Importantly, the Court recognized a State obligation to protect girls and adolescents from sexual violence in schools, including by monitoring the situation, developing policies of prevention, and establishing simple mechanisms for accountability. See id. at para. 120. In its analysis, the Court examined the role of patriarchal norms, gender stereotypes, the power imbalance between students and educators, and multiple discrimination in sexual violence against girls and adolescents. See, e.g., id at para. 142. The Court held Ecuador responsible for not taking action to address the known problem of sexual violence in schools. See id.
With regard to the inadequacies in the investigation and punishment of the responsible individuals, the Court held Ecuador responsible for violations of the rights to due process and judicial protection, in connection with the right to equal protection and non-discrimination, as well as its general obligations to respect and protect rights under the American Convention and Convention of Belém do Pará. See id. at para. 276(2). Interestingly, the Inter-American Commission had asserted a violation of Article 24 (equal protection and non-discrimination) of the American Convention, but the petitioners had not. See id. at para. 7.
With regard to Paola’s mother and sister, the Court found violations of their rights to humane treatment. See id. at para. 276(3).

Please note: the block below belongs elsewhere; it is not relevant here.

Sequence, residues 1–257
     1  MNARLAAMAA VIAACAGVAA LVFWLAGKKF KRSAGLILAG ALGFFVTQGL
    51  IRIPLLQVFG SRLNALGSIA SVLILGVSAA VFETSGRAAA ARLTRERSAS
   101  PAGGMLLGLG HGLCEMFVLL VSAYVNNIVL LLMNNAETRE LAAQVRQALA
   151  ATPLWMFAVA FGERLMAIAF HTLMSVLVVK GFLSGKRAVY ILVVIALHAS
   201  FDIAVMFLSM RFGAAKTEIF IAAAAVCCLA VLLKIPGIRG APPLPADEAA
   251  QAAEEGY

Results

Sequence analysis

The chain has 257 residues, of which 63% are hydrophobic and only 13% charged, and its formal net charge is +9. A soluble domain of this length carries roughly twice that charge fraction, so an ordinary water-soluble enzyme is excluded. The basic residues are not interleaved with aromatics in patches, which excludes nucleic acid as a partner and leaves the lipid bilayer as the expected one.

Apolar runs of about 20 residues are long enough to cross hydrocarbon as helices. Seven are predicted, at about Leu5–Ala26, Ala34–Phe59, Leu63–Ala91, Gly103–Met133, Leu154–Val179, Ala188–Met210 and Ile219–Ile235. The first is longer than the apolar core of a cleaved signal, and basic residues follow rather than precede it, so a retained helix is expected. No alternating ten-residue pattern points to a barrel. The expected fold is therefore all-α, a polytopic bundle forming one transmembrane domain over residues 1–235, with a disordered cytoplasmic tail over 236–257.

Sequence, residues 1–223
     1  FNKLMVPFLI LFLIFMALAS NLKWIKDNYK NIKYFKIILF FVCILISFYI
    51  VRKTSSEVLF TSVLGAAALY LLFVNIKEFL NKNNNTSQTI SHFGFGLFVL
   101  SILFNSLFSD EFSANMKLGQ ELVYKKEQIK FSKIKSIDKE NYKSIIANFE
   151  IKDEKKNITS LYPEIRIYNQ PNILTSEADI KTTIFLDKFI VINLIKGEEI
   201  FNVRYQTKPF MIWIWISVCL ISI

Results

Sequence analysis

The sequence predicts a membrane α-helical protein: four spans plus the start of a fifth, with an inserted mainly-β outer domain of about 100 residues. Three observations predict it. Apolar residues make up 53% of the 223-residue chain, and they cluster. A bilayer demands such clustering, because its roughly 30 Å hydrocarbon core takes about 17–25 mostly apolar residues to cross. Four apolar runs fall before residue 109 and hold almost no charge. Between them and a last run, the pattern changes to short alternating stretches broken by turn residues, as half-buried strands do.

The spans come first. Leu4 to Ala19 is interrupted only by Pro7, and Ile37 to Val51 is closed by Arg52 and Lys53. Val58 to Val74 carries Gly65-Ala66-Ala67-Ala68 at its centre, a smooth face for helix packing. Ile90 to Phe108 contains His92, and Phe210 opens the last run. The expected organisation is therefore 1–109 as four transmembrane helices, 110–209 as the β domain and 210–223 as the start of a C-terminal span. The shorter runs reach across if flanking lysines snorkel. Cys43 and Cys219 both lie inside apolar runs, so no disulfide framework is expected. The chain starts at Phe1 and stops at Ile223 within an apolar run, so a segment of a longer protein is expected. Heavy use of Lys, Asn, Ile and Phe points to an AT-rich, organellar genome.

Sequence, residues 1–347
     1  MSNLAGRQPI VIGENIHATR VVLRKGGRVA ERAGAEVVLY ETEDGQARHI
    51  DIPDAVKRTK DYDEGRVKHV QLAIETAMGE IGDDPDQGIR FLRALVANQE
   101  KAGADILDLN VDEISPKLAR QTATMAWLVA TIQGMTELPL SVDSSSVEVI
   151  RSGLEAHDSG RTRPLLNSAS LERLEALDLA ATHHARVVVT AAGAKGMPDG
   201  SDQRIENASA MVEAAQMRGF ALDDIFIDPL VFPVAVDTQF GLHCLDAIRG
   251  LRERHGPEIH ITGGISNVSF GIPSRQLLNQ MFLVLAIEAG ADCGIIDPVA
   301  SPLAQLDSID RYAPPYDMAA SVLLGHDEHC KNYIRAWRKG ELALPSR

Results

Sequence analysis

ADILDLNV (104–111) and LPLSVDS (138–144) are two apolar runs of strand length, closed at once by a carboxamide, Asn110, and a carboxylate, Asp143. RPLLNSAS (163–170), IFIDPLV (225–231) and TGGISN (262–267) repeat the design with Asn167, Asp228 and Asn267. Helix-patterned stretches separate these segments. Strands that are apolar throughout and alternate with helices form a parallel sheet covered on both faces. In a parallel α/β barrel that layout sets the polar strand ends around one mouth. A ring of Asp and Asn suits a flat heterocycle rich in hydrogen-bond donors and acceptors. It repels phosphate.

The Court held Ecuador was not responsible for some of the alleged violations. It concluded the treatment of Paola and her family had not amounted to torture, and that there had been no violations of the right to freedom of opinion and expression. See id. at para. 276(4).
With regard to reparations, the Court ordered Ecuador to provide free psychological or psychiatric treatment to Paola’s mother and sister; publish the judgment; officially recognize its responsibility; award Paola a posthumous high school degree, subject to the family members’ wishes; declare a national day against sexual violence in schools; identify and adopt measures to address sexual violence in schools; pay damages and costs; and report to the Court on its compliance with the judgment. See id. at para. 276.
The Inter-American Court’s judgment builds on decisions and statements from other supranational human rights bodies that have previously addressed sexual violence in schools. Other relevant judgments include the Grand Chamber of the European Court of Human Rights’ 2014 judgment holding Ireland responsible for its failure to protect a nine-year-old girl from sexual abuse by a teacher, due to its inadequate supervision of schools – despite the known risks of such abuse – and because of the lack of an effective complaint mechanism. See ECtHR, O’Keeffe v. Ireland [GC], no. 35810/09, ECHR 2014, Judgment of 24 Jan. 2014.
For more information on the Inter-American Human Rights System or Ecuador’s international human rights obligations, visit IJRC’s Online Resource Hub. To stay up-to-date on international human rights news, visit IJRC’s News Room or subscribe to the IJRC Daily.